There are various initiatives that are seeking to remedy this situation, such as the Barnes and Noble sponsored “Get London Reading” campaign. Last year there was a read-a-thon take-over of Trafalgar Square which saw a number of West End shows such as War Horse, Billy Elliot and Matilda perform in front of a mesmerized audience of around 20,000 people. B&N also donated 1,000 Nook e-readers to schools and they all included free eBooks from Hachette UK, HarperCollins and Penguin Random House.
Building on the success of the Get London Reading campaign, Barnes and Noble has just announced they are throwing down with the Best Play Award at the prestigious and star-studded Evening Standard Theatre Awards. They will be leveraging this new arrangement to have actress Cush Jumbo, winner of the Burberry Emerging Talent Award at the Evening Standard Theater Awards 2013, to visit a series of schools to read to children. It was also announced that a number of other high profile actors will be reading to students all over London.
Its certainly nice to have e-readers, eBooks and publisher donated books to lower income children to build the foundation of reading, but what can really be done to solve the problem? Jonathan Douglas, director of the National Literacy Trust, said the research highlighted the vital role parents and carers played in reading with children, even for short periods. “They don’t need to find big chunks of time,” he said. “Parents, carers, grandparents and anyone with a child in their life can make a huge difference by reading for just 10 minutes a day.”
The highest court in Europe has ruled that libraries can digitize books without publishers permission and distribute them to dedicated reading terminals. The decision rests on exceptions built into the EU Copyright Directive for reproducing and communicating intellectual property. Specifically it says that publicly accessible libraries may make works available at “dedicated terminals… for the purpose of research or private study.”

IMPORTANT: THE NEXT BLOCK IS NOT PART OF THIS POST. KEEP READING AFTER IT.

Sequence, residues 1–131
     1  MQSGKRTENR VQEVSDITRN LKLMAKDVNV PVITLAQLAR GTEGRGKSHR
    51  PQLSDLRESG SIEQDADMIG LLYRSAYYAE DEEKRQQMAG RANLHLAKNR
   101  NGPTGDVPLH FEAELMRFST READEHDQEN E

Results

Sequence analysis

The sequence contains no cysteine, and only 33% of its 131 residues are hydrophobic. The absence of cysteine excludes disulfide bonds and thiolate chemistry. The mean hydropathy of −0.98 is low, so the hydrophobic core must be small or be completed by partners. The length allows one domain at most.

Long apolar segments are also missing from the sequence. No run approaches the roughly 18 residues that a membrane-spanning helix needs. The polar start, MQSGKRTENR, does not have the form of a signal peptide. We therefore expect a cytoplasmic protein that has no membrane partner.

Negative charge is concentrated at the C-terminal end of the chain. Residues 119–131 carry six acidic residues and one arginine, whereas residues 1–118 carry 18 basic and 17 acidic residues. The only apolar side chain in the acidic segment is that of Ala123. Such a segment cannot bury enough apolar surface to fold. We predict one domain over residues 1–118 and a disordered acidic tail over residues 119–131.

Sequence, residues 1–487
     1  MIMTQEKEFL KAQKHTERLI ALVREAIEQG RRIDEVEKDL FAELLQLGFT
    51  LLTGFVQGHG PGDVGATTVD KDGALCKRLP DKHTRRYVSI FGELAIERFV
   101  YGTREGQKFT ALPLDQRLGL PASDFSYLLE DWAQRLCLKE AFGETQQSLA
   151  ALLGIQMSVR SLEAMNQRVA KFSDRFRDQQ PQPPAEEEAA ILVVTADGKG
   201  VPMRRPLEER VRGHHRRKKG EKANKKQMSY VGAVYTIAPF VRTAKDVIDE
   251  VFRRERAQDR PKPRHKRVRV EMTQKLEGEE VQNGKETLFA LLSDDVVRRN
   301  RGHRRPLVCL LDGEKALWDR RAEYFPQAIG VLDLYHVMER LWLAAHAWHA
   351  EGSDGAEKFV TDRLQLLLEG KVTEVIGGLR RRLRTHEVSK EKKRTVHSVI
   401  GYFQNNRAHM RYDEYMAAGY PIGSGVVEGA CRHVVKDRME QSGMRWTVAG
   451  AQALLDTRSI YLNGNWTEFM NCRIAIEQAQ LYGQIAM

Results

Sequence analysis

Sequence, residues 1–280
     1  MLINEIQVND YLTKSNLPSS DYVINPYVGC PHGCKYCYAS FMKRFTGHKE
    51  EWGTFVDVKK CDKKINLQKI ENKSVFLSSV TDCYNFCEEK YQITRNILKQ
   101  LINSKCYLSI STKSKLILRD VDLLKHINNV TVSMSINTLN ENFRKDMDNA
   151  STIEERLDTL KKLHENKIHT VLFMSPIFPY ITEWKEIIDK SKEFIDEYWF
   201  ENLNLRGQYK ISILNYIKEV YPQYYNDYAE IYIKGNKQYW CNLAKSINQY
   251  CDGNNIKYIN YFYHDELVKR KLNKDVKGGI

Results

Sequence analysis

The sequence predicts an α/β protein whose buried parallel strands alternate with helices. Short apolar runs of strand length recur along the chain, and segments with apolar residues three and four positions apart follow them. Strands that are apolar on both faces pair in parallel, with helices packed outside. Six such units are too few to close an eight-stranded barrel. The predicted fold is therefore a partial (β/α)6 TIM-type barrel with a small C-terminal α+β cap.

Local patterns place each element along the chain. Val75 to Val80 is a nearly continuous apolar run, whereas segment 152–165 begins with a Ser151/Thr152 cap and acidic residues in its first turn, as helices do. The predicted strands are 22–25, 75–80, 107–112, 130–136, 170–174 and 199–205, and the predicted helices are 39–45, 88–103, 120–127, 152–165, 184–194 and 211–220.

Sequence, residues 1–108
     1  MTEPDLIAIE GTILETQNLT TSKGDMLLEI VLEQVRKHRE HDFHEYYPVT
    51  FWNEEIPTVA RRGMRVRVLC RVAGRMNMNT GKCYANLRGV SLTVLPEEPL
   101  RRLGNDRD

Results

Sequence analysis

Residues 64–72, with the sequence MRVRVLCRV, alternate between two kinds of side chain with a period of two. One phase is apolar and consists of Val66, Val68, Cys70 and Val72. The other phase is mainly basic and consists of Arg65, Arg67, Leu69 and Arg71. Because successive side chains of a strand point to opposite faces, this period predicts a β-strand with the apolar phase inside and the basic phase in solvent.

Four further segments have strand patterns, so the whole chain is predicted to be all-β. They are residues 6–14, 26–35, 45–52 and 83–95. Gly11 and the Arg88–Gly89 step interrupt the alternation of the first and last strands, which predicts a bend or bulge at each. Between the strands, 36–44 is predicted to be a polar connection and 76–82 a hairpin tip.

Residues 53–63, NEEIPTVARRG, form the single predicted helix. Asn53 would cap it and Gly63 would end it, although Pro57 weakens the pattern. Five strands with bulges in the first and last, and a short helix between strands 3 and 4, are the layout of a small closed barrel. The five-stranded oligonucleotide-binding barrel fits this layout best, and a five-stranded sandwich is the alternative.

Under the EU Copyright Directive, authors have the exclusive right to authorize or prohibit the reproduction and communication of their works. However, the directive also allows for exceptions or limitations to that right.
“The right of libraries to communicate, by dedicated terminals, the works they hold in their collections would risk being rendered largely meaningless, or indeed ineffective, if they did not have an ancillary right to digitize the works in question,” the court said.
This is good news for library patrons that simply need to conduct research. However, libraries cannot permit visitors to use the terminals to print out the works or store them on a USB stick, by doing so, the visitor reproduces the work by making a new copy. This copying is not covered by the exception, particularly since the copies are made by individuals and not by the library itself.
The Future of libraries and publishing looks bright, as young people are reading as much or more than adults. A new report by Pew gives us some new data on the reading habits of adults and millennials.
The community and general media-use activities of younger adults are different from older adults. Those under age 30 are more likely to attend sporting events or concerts than older adults. They are also more likely to listen to music, the radio, or a podcast in some format on a daily or near-daily basis, and socialize with friends or family daily. Older adults, in turn, are more likely to visit museums or galleries, watch television or movies, or read the news on a daily basis.
As a group, Millennials are as likely as older adults to have used a library in the past 12 months, and more likely to have used a library website. Among those ages 16-29, 50% reported having used a library or bookmobile in the course of the past year in a September 2013 survey. Some 47% of those 30 and older had done so. Some 36% of younger Americans used a library website in that time frame, compared with 28% of those 30 and older. Despite their relatively high use of libraries, younger Americans are among the least likely to say that libraries are important. Some 19% of those under 30 say their library’s closing would have a major impact on them and their family, compared with 32% of older adults, and 51% of younger Americans say it would have a major impact on their community, compared with 67% of those 30 and older.